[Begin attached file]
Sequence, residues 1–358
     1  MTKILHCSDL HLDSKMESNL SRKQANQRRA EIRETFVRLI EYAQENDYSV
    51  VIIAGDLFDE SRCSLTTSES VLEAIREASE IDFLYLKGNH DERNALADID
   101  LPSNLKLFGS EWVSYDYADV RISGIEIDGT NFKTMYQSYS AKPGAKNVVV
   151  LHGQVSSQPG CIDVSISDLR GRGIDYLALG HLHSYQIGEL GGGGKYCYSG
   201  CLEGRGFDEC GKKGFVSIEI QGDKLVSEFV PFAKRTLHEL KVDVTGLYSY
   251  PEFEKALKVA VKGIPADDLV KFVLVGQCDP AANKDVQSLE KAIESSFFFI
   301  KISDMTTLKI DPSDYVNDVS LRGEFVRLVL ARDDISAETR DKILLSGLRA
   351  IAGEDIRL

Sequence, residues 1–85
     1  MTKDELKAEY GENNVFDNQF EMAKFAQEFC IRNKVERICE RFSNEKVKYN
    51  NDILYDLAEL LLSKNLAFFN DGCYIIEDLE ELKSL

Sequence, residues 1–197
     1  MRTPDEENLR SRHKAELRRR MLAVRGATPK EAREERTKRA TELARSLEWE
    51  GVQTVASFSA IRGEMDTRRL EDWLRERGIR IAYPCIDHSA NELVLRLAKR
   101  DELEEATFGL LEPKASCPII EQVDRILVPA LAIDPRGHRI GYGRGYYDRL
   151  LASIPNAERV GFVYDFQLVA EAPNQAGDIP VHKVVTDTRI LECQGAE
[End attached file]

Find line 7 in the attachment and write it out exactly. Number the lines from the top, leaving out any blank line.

   251  PEFEKALKVA VKGIPADDLV KFVLVGQCDP AANKDVQSLE KAIESSFFFI